In 2010s, the joint work of the successors of E.F. Gross and A.N. Terenin started. The planned program included 3 points: 1. Suppress the radiative decay of excitons on the surface. 2. Use the energy of nonradiative decay of an exciton to generate the long-lived electron-donor F-type and hole V-type surface centers. 3. Ensure the interaction of the generated centers with the molecules of the gas phase, resulting in the POIE reaction. After an extended research, a way to suppress the channel of the radiative exciton decay was found. It was shown that the surface PL of ZnO can be suppressed by a specific change in oxygen concentration in the surface layer of the crystal and in the adsorbed layer [9]. At the first stage, photo-desorption of adsorbed oxygen and dosed photo-reduction of the ZnO surface layer were carried out in Ultra High Vacuum (UHV). The amount of photo-desorbed oxygen was controlled by a mass spectrometer (MS) observing a decrease in the intensity of the subsequent thermo-desorption spectrum (TDS) of the adsorbed oxygen. The excess of photo-desorbed oxygen over the TDS can naturally be associated with the photo-desorption of surface structural oxygen. To confirm this, a 2D structure “core-shell” ZnO/ZnO1−x was suggested to be formed. The value of “x” was determined by measuring the amount of released oxygen and the size of the illuminated surface [9,10]. A photo-processing caused changes in the electrical parameters of the sample (see Figure 1). According to measurements with an original ultra-violet photoelectron spectrometer (UPS, 8.43 eV) [9,11] from the outer side of the surface, the value of the dipole component Δδ of the thermoelectric work function φT dropped to zero. On the inner side of the surface, due to the recharging of “fast” surface states, the value of the band bending of the initial “oxidized” sample VS decreased, and a potential barrier was created separating the surface states from the volume. The result of such processing was not a suppression, but an increase in the PL intensity compared to the original sample. The mechanism of the process was discussed in [9]. The next step in the formation of the 2D structure was the adsorption of O radicals onto the surface. As a result, the barrier Δδ is restored on the outer side, forming a quantum well together with the inner barrier. Here ZnO/ZnO1−x is a 2D structure “core-shell” and O is the adsorbed atomic oxygen capturing an electron, thus forming a locking barrier over the “core-shell” structure. A high field strength inside the well leads to a dissociative polarization of the exciton, causing its nonradiative decay. As a result, a “dead zone” for the exciton is created in the surface subatomic region of ZnO1−x/O. The exciton decays, and the free electron and hole are localized on F- and V-type defects of the ZnO1−x surface layer. The 2D structure ZnO/ZnO1−x/O was formed using ZnO high purity (99.99%) powder “OSCh 12-2” with the wurtzite structure, consisting of 20–500 nm nanocrystallites [9]. The samples were characterized using optical and photo- luminescence spectroscopy (PL). Thermo-stimulated luminescence (TSL) in ultraviolet (UV) and visible (VIS) light, scanning electron microscopy (SEM), ultraviolet photoelectron spectroscopy (UPS) (21.4, 8.43 eV), and X-ray Diffraction (XRD). UPS (8.43 eV) allowed us to determine in situ the φТ of the sample and to separate the contributions of the dipole component δ from the band bending VS. The 2D structure includes a sub-monolayer potential electron shell bounded from inside by the electron potential at the surface states and from outside by a potential barrier created by the adsorbed oxygen O. We have studied this composite with original UPS (8.43 eV) and MS methods [9,10,11]. The energy diagram of its 2D structure is shown in Figure 1. In such a structure the exciton does not emit light, but decays into a pair e + h+ which fills the vacancies appearing on the photo-restored surface.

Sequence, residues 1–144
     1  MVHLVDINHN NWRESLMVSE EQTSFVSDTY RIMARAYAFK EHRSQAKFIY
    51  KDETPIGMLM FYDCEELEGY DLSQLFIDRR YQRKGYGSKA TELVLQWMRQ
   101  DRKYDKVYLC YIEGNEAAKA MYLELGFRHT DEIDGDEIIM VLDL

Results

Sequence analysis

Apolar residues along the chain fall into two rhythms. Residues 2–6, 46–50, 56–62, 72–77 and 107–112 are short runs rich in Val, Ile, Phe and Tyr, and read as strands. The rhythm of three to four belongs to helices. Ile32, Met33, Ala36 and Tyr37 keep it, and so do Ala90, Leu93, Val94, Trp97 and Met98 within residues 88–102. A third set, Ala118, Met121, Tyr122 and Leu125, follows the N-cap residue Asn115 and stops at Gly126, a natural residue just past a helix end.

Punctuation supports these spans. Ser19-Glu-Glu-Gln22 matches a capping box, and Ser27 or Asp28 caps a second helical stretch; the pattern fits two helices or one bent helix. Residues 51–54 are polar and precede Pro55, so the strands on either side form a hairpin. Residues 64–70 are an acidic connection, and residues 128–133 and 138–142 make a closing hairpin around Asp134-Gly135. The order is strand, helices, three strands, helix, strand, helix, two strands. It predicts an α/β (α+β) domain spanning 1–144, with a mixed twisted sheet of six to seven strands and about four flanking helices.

Figure 1. Radiationless decay of exciton into a pair of long-lived centers in the 2D structure ZnO/ZnO1−x/O. VB—valence band, CB—conduction band, EF—Fermi level, VL—vacuum levels before and after oxygen desorption, Δδ—dipole component, φT—thermoelectric work function, VS—band bending of the original “oxidized” sample, A/A, D/D+—acceptor and donor reagent levels.